- April 2017
- Vol. 18, No. 2
Developing Infant-Toddler Relationship-Based Care
According to a recent research brief from the Office of Planning, Research and Evaluation (OPRE) within the Administration for Children and Families within the U.S. Department of Health and Human Services, early childhood practitioners and policymakers should encourage the establishment of relationship-based care for infants and toddlers to promote more responsive caregiving. The OPRE brief notes that infants and toddlers learn best in the context of relationships with caregivers who know them well, and responsive caregiving provides the foundation infants and toddlers need to be engaged learners in preschool and beyond. The OPRE brief explains the relationship-based care approach, related practice considerations, and the implications of existing State standards for incorporating relationship-based care into early care programs.
It also points out that approximately half of all children under age 3 in the United States have some sort of regular child care arrangement and that developmental research supports relationship-based early care and education to optimize learning in infants and toddlers and improve long-term outcomes.
According to the brief, "policies, procedures, and practices (or specific components) that support families, teachers, and children as they build relationships with and among each other" are at the heart of relationship-based care. This interaction forms a partnership that allows families, teachers, and children to better understand each other's needs and promotes trust, security, and comfort.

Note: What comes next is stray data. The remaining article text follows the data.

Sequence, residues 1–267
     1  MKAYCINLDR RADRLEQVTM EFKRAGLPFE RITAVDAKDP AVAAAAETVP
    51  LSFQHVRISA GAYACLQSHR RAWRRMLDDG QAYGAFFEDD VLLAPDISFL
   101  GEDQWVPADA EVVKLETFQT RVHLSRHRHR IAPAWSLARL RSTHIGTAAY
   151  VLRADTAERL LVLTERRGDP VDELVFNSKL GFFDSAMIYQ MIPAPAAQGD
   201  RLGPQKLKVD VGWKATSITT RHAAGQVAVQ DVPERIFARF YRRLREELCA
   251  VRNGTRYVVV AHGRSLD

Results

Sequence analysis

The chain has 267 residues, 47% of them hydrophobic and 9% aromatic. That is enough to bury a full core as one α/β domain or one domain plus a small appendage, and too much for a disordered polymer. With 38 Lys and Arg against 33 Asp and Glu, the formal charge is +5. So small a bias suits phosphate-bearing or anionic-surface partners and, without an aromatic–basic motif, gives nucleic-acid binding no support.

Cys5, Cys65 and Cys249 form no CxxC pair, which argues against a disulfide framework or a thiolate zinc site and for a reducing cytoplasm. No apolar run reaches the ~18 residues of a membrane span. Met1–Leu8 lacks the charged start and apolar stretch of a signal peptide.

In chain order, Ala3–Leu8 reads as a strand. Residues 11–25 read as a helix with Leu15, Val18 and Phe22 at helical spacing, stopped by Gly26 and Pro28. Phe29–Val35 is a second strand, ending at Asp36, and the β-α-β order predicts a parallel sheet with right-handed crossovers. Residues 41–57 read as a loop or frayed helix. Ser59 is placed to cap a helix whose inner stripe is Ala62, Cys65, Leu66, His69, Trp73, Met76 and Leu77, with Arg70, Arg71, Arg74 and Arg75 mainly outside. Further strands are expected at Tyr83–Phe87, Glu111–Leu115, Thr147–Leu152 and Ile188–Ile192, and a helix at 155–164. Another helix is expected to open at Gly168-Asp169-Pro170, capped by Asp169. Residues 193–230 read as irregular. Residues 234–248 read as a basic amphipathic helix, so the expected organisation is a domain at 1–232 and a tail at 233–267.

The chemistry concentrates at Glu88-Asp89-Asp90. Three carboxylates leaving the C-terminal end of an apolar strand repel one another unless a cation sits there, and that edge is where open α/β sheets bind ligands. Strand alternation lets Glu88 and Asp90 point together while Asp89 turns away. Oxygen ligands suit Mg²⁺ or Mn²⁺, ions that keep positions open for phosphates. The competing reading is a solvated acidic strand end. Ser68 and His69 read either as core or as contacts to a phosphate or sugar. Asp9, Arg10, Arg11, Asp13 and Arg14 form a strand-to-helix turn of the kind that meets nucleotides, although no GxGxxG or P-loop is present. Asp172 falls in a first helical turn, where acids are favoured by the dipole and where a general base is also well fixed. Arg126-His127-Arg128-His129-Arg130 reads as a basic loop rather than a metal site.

The brief recommends two relationship-based care supports: primary caregiving and continuity of care. Primary caregiving involves assigning infants or toddlers to one teacher who has the primary responsibility of caring for a small group of children within a larger group setting. The primary caregiver takes the lead in building relationships with the children and families in their care "by providing intentional and individual care for the child's routine needs such as feeding, sleeping, and diapering times." This person also keeps track of a child's developmental progress and communicates regularly with the parents. Continuity of care refers to the practice of keeping infants and young children and their caregivers together for an extended period of time—preferably until the child turns 3—rather than switching to a new caregiver or new group based on age or developmental milestones.
OPRE points to several options that existing child care centers can explore for promoting relationship-based care, including organizational, staff, and space/facility adjustments to enhance the teacher-child relationship. The brief also notes that States can incentivize this approach by rewarding child care centers that use primary caregiving and continuity of care with additional supports or higher subsidy payments.
The May 2016 OPRE Research-to-Practice Brief, Including Relationship-Based Care Practices in Infant-Toddler Care: Implications for Practice and Policy (OPRE Report #2016-46) is available at https://www.acf.hhs.gov/sites/default/files/opre/nitr_inquire_may_2016_070616_b508compliant.pdf (1,320 KB).